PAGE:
Following the Oslo agreement, Israel made a commitment to the United States that it would not build new settlements or expand existing ones, except to meet “natural growth.” This narrow allowance, never defined, was utilized by Israel to greatly expand settlements and build new settlements, such as Modi'in Ilit.
In April 2003, Israel for the first time undertook to freeze settlement activity, including natural growth. The commitment was made in the framework of the “road map” agreed to by Israel, the Palestinian Authority, and the Quartet (the US, the European Union, the UN, and Russia), which provides an outline for achieving a two-state permanent resolution to the Israeli-Palestinian conflict. In November 2007, at the joint declaration made at the Annapolis Conference, in which Israel, the Palestinian Authority, the Quartet, and Arab League states took part, Israel confirmed its commitment to the road map's principles.
Despite its commitment to freeze building in settlements, protocols of the Supreme Planning Committee, in the Civil Administration, reveal plans for substantial expansion of settlements. The relevant protocols, of the Supreme Planning Committee's Environment Subcommittee, were made in 2007 and 2008 and dealt with the treatment of sewage of settlements. B'Tselem received these protocols under the Freedom of Information Act. The plans uncovered also relate to anticipated expansion of settlements lying east of the route of the Separation Barrier, which Israeli politicians present as Israel's future border. These plans are in their initial planning stage, and none have been approved by the political echelon. However, the fact that the primary planning body in the West Bank considered plans to build thousands of housing units in settlements indicates that the West Bank's planning bodies flout the official Israeli commitment not to expand settlements in the coming years.
The settlement of Gevaot. Photo: Eyal Hareuveni, B'Tselem.
Examples of settlement-expansion planning follow.
- In the Eztion Bloc, a neighborhood, containing 550 apartments, is planned for the Gevaot area of the Alon Shvut settlement. Plans for building in this area, which currently is home to only twelve families, call for the building of 4,450 apartments. The construction has not yet been approved by the Defense Ministry, but the Environmental Subcommittee approved construction of a sewage-treatment facility, intended for 800 to 1,000 apartments, for the new neighborhood. At the hearing, it was also decided that the facility would treat the sewage from the adjacent Beit Ayin settlement. According to the protocol, 2,000 new apartments are planned for construction in Beit Ayin, which currently has some 120 families.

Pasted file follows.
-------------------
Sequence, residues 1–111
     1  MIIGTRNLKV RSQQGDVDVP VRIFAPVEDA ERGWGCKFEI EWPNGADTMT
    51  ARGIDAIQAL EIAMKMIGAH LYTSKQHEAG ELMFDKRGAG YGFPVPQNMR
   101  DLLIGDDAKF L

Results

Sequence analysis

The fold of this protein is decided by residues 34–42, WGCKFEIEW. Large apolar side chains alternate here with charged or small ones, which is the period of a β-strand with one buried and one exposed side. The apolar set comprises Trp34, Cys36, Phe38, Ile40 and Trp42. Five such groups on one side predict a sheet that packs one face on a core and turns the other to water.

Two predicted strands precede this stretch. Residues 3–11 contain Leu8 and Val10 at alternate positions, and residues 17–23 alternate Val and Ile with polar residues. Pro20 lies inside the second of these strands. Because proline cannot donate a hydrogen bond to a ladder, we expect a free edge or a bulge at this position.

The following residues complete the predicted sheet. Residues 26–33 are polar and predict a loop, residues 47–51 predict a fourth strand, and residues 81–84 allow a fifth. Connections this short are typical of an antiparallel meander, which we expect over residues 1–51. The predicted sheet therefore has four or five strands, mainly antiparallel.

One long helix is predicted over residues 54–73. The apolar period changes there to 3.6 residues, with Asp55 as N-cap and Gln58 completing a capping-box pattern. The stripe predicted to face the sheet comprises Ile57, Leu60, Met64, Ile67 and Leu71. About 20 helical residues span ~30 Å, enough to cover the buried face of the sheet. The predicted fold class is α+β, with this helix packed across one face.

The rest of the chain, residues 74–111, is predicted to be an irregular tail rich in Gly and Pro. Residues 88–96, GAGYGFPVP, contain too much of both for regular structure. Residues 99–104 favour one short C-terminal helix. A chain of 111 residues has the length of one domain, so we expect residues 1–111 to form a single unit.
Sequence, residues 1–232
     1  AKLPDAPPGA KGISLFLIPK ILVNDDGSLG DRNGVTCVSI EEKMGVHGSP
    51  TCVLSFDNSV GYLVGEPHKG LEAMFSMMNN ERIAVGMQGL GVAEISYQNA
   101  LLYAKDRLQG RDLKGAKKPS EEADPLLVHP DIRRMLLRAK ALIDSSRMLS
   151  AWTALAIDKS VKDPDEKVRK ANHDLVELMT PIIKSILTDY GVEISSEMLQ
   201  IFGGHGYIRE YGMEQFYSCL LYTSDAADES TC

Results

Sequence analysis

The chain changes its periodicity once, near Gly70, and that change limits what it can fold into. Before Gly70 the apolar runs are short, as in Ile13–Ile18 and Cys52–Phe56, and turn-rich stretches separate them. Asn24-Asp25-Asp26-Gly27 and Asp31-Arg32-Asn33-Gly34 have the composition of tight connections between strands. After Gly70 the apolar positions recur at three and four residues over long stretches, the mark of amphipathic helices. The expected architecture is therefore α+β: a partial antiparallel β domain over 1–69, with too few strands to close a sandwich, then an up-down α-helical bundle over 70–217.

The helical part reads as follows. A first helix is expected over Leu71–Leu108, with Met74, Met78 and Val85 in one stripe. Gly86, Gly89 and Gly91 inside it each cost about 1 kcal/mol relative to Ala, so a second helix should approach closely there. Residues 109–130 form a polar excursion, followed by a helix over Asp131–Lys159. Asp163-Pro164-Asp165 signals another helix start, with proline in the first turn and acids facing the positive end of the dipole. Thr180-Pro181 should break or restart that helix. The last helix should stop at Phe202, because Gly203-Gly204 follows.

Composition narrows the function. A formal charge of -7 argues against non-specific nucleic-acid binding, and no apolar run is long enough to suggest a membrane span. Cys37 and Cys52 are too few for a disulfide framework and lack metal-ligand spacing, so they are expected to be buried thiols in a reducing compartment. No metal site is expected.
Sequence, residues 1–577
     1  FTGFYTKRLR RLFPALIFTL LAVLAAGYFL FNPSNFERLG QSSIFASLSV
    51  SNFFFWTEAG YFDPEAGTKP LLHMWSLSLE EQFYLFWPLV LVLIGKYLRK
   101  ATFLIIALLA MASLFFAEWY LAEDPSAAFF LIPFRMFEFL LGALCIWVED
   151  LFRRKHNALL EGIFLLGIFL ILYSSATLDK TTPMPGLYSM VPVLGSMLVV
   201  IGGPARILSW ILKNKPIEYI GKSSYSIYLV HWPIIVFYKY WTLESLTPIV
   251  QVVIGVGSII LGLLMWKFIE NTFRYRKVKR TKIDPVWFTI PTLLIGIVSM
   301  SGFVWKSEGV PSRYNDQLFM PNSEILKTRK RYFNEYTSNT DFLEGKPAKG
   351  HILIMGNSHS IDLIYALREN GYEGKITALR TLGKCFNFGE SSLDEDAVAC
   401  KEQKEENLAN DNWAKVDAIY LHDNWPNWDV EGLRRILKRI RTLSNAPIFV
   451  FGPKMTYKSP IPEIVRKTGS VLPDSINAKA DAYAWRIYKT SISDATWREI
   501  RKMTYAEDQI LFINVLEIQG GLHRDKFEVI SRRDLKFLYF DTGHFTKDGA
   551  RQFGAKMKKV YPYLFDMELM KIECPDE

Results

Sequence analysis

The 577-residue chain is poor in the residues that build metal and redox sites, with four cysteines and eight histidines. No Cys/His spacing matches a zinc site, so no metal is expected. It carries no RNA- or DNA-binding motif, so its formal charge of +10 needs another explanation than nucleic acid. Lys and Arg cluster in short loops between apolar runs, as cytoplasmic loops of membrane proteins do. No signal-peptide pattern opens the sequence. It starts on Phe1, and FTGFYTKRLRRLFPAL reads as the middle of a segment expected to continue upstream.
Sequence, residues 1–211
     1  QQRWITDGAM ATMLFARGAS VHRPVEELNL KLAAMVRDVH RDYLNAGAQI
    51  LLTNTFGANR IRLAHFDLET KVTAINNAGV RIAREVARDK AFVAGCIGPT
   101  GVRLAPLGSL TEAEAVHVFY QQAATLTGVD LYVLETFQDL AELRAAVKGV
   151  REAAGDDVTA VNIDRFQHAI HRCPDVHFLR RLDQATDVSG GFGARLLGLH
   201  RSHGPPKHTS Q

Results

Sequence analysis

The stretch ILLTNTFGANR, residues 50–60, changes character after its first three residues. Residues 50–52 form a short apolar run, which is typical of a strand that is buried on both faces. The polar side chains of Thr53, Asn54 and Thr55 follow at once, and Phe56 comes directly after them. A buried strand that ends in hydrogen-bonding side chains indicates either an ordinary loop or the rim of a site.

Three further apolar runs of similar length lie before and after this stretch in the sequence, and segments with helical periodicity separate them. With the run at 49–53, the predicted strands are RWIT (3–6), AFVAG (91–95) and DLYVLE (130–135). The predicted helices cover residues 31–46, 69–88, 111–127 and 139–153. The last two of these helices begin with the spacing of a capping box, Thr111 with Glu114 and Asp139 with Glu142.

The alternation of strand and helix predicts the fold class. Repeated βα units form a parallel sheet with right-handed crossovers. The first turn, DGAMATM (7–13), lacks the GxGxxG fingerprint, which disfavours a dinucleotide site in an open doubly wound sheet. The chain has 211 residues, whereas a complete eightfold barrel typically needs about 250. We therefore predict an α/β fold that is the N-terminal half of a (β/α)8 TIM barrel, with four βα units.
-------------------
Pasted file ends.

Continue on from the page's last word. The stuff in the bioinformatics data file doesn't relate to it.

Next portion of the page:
- In the Rimonim and Einav settlements, which lie east of the Separation Barrier, sewage treatment has been arranged as a first stage in advancing building plans. In Rimonim, 254 new apartments are planned, and in Einav, two plans for additional construction. The jurisdiction area of the settlement Mevo Dotan which is also east of the barrier, is expected to expand.
- The Ma'aleh Adumim municipality prepared a sewage-treatment plan for the settlement, including the planned construction of 3,500 apartments in E-1, in the framework of treatment of the sewage from SHAI [Samaria and Judea] Police Headquarters, which was moved to E-1.
- In Kfar Adumim, the Subcommittee approved a sewage-treatment plan based on a projected doubling in size of the settlement, to 5,600 residents, in “the coming years.”
- The Civil Administration's planning office instructed the Eshkolot settlement to treat its sewage in accordance with the “full occupancy” plans of the settlement, which are expected to quintuple the settlement's population.
Building of settlements breaches international humanitarian law, which prohibits the occupying power to transfer its population to occupied territory and to make permanent changes there.
Establishment and expansion of the settlements result in continuous and extensive infringement of Palestinian rights, among them the right to self-determination, the right to equality, the right of property, the right to an adequate standard of living, the right to water, the right to sanitation and the right to freedom of movement.